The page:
[¶ 15.] Pourier correctly asserts the “State's immunity cannot block the OST member customers' recovery of this unconstitutional tax.”2 We agree. SDCL 10-47B-131.2 and SDCL ch. 10-59 do, however, provide the only avenue for relief. The motor fuel tax refund statutes provide no authority for class action claims to recover illegal taxes; rather, those statutes specifically require that each individual taxpayer file a claim with the Secretary. Absent individual claims, the circuit court is without jurisdiction. For that reason, SDCL 15-6-23 is not applicable via SDCL 1-26-32.1. Therefore, we hold that neither SDCL ch. 1-26 nor SDCL ch. 10-59 authorize class action claims against the State nor waive sovereign immunity to such an extent as to allow class actions. See Lick, 285 NW2d at 600 (“The [S]tate has waived its right of sovereign immunity only to the extent provided by the express terms of [the applicable refund] statutes.” (citing Darnall, 79 SD 59, 108 NW2d 201)); see also U.S. Xpress, 139 NM at 591-92, 136 P3d at 1001-02 (noting “a taxpayer” and “the taxpayer” in New Mexico refund statute require individual claims as prerequisite to appellate jurisdiction). Pourier's motion for leave to amend to include other OST member consumers as class claimants was properly denied. Because we affirm the Department and circuit court on this issue, we need not reach the remaining issues.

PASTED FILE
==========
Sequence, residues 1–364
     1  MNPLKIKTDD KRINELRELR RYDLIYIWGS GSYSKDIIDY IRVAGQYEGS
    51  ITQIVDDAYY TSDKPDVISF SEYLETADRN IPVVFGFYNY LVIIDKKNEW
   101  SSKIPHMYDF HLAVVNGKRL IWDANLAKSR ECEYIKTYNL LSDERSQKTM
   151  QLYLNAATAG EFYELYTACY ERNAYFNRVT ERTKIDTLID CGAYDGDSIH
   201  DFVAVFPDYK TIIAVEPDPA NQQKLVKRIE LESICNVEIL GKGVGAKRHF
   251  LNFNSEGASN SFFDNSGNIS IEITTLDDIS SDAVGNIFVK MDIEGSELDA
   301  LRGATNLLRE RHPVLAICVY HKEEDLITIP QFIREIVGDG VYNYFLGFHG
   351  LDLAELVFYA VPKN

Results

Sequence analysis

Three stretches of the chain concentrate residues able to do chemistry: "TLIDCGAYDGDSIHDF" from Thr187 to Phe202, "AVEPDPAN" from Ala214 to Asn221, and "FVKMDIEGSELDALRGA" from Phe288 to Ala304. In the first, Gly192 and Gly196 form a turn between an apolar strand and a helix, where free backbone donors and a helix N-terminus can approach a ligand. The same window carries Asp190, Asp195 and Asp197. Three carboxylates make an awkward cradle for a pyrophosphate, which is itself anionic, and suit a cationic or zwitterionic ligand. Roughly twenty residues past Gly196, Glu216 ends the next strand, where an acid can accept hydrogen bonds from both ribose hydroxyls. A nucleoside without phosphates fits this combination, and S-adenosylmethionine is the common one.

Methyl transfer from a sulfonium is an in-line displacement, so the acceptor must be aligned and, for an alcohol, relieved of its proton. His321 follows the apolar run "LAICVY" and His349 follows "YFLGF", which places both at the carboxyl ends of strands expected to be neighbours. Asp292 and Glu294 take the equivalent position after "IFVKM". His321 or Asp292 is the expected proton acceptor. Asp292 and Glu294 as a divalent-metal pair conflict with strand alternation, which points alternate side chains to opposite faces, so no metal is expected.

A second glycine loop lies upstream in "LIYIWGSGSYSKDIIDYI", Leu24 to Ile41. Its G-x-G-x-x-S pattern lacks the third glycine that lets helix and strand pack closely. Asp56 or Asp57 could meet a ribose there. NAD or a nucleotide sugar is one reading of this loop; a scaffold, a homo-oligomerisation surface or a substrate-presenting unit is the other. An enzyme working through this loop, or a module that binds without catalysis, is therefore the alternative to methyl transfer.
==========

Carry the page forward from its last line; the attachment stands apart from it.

[¶ 16.] The record reflects that the State is aware of our previous holdings in this litigation and has already earmarked approximately $3.6 million for distribution to seven of the eight tribes in South Dakota as compensation for the unconstitutional tax. The State has testified on the record that the amount due OST members will similarly be earmarked at the conclusion of this appeal unless this Court determines that the funds go elsewhere. The State will also continue to process any claim that is properly submitted as required by our prior decisions in Pourier I and Pourier II .
[¶ 17.] Affirmed.